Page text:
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Eavesdropping over Visible Light, research confirms that is possible and the attack is less limited

Visible light communication (VLC) is one of the newest technologies that has been developed for short and middle range data communication, as a commercial solution is predicted to have a considerable market penetration in the near future due to the advantages the technology brings. VLC provides a flexible communication channel that, according to the standard [2], allows data transfer rates ranging from 11.67 kb/s to 96 Mb/s.

Among the multiple benefits that VLC is supposed to bring into the market is the inherited security of the technology. This assumed security is based on the premise that (indoor) light data streams cannot be captured from outside users.

The work, “Study and Validation of Eavesdropping Scenarios over a Visible Light Communication Channel”, conducted by Ignacio Marin-Garcia, Victor Guerra and Rafael Perez-Jimenez proposed the study of eavesdropping on a VLC link. To accurately assess the possibilities of such an attack, simulations and practical experiments were performed.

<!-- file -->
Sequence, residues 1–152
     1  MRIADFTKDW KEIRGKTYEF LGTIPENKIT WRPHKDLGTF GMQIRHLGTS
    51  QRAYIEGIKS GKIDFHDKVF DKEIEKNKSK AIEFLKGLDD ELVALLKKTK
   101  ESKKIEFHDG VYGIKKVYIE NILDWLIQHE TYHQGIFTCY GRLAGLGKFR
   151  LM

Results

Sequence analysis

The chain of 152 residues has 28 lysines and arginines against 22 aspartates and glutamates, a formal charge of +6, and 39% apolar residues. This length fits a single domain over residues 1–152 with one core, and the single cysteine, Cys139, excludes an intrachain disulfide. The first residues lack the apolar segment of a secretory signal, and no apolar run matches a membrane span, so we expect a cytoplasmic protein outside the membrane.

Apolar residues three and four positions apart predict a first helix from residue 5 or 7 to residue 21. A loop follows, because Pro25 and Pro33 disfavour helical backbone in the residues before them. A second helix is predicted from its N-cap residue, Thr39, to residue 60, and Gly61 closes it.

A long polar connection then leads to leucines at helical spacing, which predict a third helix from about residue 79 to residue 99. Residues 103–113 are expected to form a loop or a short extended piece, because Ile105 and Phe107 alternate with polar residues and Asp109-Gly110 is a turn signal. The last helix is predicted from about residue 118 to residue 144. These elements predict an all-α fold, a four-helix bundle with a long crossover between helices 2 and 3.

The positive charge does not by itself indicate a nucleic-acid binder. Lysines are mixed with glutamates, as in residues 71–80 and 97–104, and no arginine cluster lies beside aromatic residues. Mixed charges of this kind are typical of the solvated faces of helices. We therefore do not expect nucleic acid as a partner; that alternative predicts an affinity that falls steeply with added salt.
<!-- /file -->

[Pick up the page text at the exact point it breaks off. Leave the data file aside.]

The results seem to validate that it is possible to eavesdrop on a VLC-based channel from outside the premises and proved the validity of using geometrical considerations to define potential attacks zones.

Published online 2017 Nov 21. doi: 10.3390/s17112687

Source: PMC US National Library of Medicine

Articles from Sensors (Basel, Switzerland) are provided here courtesy of Multidisciplinary Digital Publishing Institute (MDPI)

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